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8 Things You Might Not Know About Iceland

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Iceland has been in the news lately, and the news has not been good. The island nation's three major banks have collapsed, causing ripples throughout Europe. But rather than fixate on the financial, let's take a look at some other aspects of the Land of Fire and Ice.

1. Mark Your Calendar
March 1 is Beer Day (Bjordagur) in Iceland, when natives celebrate the end of prohibition against the frothy brews. "Real" beer (of more than 2.2 percent alcohol by volume) had been outlawed since 1915, and the ban wasn't lifted until 1989. Hey, if you went almost 75 years without decent beer, you'd find a reason to throw a party, too.

2. The Sun Also Rises "¦ Sometimes
The sun shines virtually 24 hours a day during the peak of summer in Iceland. In mid-winter, however, it's only light about four to five hours each day.

3. Say What?
The national language of Iceland is Icelandic, which hasn't evolved much from the way it was spoken centuries ago. English and Danish are also popular—good news, as the native tongue is indecipherable to non-speakers. Icelandic has two unique letters, "thorn" (pronounced "th" as in "thing") and "eth" (pronounced "th" as in "them"). Similar logic applies to the English words "broad" and "road," which should be pronounced the same but are not.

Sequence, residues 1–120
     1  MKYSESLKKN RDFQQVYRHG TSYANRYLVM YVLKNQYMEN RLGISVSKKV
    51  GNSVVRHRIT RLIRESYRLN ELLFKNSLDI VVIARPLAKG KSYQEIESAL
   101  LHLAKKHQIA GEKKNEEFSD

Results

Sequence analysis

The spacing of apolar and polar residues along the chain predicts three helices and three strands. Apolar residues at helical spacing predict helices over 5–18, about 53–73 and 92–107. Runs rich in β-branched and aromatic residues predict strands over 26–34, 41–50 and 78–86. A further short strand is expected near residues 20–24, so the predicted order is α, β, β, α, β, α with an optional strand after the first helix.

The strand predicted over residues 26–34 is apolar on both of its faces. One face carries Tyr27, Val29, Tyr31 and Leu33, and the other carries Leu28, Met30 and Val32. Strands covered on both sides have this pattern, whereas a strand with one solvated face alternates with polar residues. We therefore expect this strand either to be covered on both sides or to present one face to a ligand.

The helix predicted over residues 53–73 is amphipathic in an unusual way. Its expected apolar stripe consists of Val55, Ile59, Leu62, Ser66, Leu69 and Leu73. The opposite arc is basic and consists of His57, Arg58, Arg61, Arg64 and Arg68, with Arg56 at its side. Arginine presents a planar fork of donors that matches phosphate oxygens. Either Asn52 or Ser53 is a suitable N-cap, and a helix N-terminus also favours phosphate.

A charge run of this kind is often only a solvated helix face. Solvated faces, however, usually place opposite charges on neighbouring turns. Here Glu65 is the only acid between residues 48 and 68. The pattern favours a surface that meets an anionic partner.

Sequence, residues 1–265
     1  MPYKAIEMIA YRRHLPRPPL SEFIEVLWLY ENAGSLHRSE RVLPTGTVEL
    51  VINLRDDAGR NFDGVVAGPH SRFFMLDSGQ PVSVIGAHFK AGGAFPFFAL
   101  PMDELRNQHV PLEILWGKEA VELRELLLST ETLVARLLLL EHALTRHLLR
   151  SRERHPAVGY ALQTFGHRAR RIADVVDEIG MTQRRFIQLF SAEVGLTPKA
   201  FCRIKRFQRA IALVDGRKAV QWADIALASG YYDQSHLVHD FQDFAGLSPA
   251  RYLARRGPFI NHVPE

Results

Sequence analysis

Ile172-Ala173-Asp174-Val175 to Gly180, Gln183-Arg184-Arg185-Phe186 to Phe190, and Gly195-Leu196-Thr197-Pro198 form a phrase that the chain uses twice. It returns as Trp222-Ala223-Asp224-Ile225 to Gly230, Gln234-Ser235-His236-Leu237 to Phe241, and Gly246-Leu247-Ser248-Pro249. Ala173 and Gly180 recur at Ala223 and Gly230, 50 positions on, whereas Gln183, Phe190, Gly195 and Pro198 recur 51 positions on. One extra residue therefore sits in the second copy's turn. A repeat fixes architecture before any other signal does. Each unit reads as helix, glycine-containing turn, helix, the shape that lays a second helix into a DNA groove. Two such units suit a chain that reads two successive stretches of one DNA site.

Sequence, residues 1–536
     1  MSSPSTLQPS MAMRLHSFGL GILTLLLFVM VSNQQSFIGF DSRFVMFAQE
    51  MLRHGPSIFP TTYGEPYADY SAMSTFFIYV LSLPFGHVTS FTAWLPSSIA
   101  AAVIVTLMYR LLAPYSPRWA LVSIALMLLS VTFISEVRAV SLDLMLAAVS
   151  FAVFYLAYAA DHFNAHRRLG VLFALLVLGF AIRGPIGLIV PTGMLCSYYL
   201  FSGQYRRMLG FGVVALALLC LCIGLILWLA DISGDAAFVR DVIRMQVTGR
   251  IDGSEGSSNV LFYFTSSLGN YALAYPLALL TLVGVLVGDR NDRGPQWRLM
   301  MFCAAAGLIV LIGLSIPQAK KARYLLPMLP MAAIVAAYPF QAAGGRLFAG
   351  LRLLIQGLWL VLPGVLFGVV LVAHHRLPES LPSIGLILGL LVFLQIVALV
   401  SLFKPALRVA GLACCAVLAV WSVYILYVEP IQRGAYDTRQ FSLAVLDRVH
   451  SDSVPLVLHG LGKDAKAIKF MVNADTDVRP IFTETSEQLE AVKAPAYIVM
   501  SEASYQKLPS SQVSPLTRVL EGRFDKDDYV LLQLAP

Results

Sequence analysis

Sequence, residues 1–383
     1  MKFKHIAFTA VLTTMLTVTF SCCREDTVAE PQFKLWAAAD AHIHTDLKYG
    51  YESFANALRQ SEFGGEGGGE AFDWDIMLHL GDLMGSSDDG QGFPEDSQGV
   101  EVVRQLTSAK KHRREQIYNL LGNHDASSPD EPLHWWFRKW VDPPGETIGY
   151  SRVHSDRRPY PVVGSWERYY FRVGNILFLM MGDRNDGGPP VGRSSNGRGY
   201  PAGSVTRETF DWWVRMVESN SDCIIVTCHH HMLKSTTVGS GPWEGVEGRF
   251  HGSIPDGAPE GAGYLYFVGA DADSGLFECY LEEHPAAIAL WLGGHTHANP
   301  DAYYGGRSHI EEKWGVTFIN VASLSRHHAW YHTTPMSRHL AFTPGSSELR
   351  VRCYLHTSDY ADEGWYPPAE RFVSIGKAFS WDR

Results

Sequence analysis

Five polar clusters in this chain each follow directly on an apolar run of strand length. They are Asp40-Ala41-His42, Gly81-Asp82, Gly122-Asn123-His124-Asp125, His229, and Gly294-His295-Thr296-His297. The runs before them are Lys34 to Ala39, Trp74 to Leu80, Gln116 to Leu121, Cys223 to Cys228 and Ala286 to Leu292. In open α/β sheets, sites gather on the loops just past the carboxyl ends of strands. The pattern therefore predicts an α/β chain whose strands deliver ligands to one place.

4. All Work and No Play Makes Iceland Rich
Icelanders are notorious for their work ethic. Averaging 43.5 hours, they have the longest work week in Europe. Not surprisingly, they also have one of the highest standards of living in the world. (Iceland ranked #1 in a recent C.W. Post survey measuring economic opportunity and quality of life.)

5. Come to North America for the Available Food"¦